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1935 Balochistan Earthquake PDF Print Email
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The 1935 Balochistan Earthquake (Urdu: بلوچستان زلزلہ) occurred on May 31, 1935 at 3:02am at Quetta, Balochistan, Pakistan, then part of British India. The earthquake had a magnitude of 7.7 Mw and anywhere between 30,000 and 60,000 people died from the impact. This ranks as one of the deadliest earthquakes that hit South Asia. The quake was centred 4.0 kilometres South West of Ali Jaan, Balochistan, British India.

The earthquake

Quetta and its neighbouring towns lay in the most active seismic region of Pakistan atop the Chamman and Chiltan fault lines. A disturbance in the geological activity resulted in an earthquake early in the morning on 31 May 1935 estimated anywhere between the hours of 2:30 am and 3:40 am which lasted for three minutes with continuous aftershocks. Although there were no instruments good enough to precisely measure the magnitude of the earthquake, modern estimates cite the magnitude as being a minimum of 7.7 Mw and previous estimates of 8.1 Mw are now regarded as an overestimate. The epicentre of the quake was established to be 4-kilometres south-west of the town of Ali Jaan in Balochistan, some 153-kilometres away from Quetta in British India. The earthquake caused destruction in almost all the towns close to Quetta including the city itself and tremors were felt as far as Agra, now in India. The largest aftershock was later measured at 5.8 Mw occurring on 2 June 1935.[1] This however did not cause any damage in Quetta but the towns of Mastung, Maguchar and Kalat were seriously affected by this aftershock.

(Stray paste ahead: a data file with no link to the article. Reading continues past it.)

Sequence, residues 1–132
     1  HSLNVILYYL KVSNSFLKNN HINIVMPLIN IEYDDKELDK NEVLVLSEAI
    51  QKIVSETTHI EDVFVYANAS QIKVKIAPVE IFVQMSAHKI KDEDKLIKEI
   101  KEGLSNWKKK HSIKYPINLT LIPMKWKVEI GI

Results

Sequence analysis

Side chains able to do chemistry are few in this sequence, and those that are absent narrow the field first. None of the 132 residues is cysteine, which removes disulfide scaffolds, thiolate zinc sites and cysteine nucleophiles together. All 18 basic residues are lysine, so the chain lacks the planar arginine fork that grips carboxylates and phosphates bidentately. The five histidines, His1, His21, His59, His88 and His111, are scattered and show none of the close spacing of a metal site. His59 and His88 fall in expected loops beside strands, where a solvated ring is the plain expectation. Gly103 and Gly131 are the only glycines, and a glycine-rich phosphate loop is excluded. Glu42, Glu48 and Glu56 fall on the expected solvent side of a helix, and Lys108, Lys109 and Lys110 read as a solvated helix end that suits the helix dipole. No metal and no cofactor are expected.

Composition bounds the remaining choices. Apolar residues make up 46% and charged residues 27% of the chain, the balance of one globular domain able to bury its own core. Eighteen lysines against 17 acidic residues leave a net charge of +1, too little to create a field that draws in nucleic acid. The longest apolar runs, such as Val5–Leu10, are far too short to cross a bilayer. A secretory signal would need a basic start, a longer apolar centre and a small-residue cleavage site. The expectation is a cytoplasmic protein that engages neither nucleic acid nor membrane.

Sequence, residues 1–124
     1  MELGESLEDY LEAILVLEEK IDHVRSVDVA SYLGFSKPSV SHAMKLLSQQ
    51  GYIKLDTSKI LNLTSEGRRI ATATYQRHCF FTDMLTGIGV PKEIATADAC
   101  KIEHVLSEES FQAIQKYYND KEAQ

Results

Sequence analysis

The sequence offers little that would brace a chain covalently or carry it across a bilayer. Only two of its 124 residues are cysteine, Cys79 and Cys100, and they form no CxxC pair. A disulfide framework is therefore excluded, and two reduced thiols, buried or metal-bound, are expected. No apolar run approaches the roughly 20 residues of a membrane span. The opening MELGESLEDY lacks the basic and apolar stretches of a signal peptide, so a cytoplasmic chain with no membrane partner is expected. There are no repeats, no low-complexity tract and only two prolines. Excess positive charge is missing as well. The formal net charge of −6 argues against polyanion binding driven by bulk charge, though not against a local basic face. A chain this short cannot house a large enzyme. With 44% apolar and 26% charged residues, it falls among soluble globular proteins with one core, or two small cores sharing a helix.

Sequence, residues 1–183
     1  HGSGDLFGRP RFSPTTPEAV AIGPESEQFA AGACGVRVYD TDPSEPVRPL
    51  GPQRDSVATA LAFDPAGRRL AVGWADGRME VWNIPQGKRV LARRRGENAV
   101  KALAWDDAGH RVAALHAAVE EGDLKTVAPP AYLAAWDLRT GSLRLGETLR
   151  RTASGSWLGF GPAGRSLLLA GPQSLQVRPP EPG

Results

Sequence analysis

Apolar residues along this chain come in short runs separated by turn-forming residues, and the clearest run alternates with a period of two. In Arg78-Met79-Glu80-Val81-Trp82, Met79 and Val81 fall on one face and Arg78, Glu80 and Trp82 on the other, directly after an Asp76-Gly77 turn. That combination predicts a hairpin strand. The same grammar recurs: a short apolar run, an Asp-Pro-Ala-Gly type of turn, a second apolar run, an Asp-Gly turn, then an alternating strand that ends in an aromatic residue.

Casualties

Most of the reported casualties occurred in the city of Quetta. Initial communique drafts issued by the Government estimated a total of 20,000 people buried under the rubble, 10,000 survivors and 4,000 injured. The city was badly damaged and was immediately prepared to be sealed under the military guard with medical advice. All the villages between Quetta and Kalat were destroyed and the British feared casualty to be of higher numbers in surrounding towns; it was later estimated to be no where close to the damage caused in Quetta.

 

From memorabilia of a member of the Royal Signals in 1935:
"For long-distance military work, we used large rhombic set-ups, with heights of 50 to 75 feet. For amateur work a single-wire horizontal, with the feed at three-sevenths of the total length, was used. As a matter of interest, during the Quetta earthquake of 1935, all civilian radio nets were destroyed, and all traffic was taken over by R.Signals stations. We did over 168 hours of frantic communications from D.I.K. to Quetta; sleeping on the floor next to the equipment."

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